Daylight saving time means potential danger for women

A+MTD+bus+pulls+up+to+the+Illini+Union+bus+stop+on+the+night+of+Sept.+30.+Woman+are+more+likely+to+be+in+danger+while+walking+home+during+day+light+savings+time+because+it+gets+darker+earlier+in+the+day.+

Cameron Krasucki/Ryan Ash

A MTD bus pulls up to the Illini Union bus stop on the night of Sept. 30. Woman are more likely to be in danger while walking home during day light savings time because it gets darker earlier in the day.

By Dara Stack, Contributing Writer

Many women on campus said daylight saving time is a curfew. When it gets dark earlier, they have to adjust their plans so they can be safe.

Jacqueline Springer, freshman in ACES, said as a woman attending a large school, she has to take certain precautions because of her gender. On a large campus, she often FaceTimes friends while walking, shares her location with family and trusted friends and walks in groups to avoid being alone.

“Even if I have to be alone, people know where I am,” Springer said.

Springer said different areas of campus are not well lit. During daylight saving time, this is especially noticeable when it’s dark so much earlier.

Besides the dark conditions, Springer says the cold weather can contribute to issues with personal safety. She talked about being so cold that her only focus is getting from point A to point B, rather than being more aware of her surroundings.

Springer said that next year she will likely be living in her sorority house, which is further from Green Street and the main areas of campus meaning she will have to walk longer distances to do her daily activities.

Not only did Springer talk about physical safety, but also about feeling uneasy or uncomfortable in certain situations. She said these feelings can be just as intimidating and should be taken seriously for the safest outcomes.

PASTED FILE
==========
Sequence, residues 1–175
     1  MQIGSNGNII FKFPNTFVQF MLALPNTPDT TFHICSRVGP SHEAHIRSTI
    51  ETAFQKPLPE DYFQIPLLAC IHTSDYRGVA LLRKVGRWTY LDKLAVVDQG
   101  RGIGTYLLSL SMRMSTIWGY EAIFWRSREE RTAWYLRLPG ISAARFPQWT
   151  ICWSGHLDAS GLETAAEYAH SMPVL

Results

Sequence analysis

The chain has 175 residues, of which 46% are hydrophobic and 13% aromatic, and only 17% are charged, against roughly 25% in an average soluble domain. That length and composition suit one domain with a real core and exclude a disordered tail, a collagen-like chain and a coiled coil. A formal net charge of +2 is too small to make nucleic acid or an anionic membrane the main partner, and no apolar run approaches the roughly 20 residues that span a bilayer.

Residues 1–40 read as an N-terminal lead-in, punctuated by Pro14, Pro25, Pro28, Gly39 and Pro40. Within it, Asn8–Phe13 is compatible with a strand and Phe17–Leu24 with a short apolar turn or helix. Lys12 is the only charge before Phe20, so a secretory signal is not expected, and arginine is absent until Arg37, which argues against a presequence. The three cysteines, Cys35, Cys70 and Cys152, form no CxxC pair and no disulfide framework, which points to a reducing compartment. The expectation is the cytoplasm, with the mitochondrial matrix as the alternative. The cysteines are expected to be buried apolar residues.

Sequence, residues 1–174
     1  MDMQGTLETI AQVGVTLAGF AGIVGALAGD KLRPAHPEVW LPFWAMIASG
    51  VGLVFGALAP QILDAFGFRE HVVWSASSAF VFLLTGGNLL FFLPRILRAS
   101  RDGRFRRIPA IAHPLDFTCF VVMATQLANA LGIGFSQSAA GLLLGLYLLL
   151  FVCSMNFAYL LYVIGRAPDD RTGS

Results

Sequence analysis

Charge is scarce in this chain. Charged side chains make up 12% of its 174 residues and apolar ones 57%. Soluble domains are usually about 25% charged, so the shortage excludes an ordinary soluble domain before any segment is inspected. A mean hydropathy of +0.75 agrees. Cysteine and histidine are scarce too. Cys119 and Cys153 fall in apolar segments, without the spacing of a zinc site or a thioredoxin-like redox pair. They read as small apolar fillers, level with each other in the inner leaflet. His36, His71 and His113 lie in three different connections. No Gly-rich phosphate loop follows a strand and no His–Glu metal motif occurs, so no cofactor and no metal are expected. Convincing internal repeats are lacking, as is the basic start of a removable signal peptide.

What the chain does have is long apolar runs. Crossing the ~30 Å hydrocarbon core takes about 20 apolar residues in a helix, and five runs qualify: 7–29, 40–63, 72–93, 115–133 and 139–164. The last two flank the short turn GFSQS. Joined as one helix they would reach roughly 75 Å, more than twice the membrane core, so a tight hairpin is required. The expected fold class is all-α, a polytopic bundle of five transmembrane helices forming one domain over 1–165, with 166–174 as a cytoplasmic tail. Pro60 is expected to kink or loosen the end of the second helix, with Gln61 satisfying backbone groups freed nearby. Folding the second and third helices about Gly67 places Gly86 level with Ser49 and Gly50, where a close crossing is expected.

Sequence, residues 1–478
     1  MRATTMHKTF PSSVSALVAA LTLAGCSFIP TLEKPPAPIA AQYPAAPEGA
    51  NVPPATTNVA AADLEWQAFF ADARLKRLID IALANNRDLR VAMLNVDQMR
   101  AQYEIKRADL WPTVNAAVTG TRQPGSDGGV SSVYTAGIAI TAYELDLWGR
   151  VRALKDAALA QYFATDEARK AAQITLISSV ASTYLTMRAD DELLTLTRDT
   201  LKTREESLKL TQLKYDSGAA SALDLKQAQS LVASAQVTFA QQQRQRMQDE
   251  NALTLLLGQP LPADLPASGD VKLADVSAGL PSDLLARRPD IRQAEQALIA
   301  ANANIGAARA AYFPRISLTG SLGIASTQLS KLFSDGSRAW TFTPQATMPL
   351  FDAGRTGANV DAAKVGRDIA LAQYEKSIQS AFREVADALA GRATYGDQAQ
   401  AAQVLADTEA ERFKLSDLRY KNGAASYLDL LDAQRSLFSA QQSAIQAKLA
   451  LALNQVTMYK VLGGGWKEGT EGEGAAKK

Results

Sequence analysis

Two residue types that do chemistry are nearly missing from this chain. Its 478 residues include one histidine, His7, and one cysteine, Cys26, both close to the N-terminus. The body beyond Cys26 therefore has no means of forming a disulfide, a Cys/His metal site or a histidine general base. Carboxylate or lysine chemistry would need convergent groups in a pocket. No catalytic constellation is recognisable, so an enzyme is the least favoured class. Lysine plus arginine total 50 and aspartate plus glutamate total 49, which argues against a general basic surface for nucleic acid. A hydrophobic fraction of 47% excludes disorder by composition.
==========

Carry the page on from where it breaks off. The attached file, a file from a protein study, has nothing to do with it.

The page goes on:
However, Springer said there are several actions women can take to be prepared.

“Knowing what path you’re going to travel, knowing where your closest bus stops are, having that app downloaded beforehand,” Springer said.

Amy Snyder, chief of staff at the Champaign-Urbana Mass Transit District said University SafeRides and SafeWalks are great resources for nighttime rides.

“SafeWalks, planning your trip with MTD I think, is a good combination for women to have choices and to feel empowered as they travel at night,” Snyder said.

She also said maximizing the time waiting indoors for any rides is important for safety.

Currently, SafeRides begins at 7 p.m. and ends at 6:30 a.m. the next morning. Snyder said that starting on Nov. 7, which is when the clock turns back an hour, SafeRides will begin at 5 p.m. This is due to the decreasing number of daylight hours.

Snyder said the University’s large campus affects nighttime safety due to greater traveling distances.

With the sky getting dark so early now, it may already be dark while people are still in class or just finishing. This could create even more time walking in the dark.

Sumeet Thosar, senior in LAS, talked about some of the safety methods he has heard of around campus and addressed the different challenges women may face, as opposed to men.

“My sister lives in New York and I know she has been catcalled in uncomfortable situations,” Thosar said. “The perspective is different for men.”

Like Snyder, Thosar also believes in the power of numbers when it comes to safety.

Besides general physical safety, he talked about women he knows facing uncomfortable situations like being catcalled or degraded. However, he addressed that his male perspective does not give complete insight into the challenges women face.

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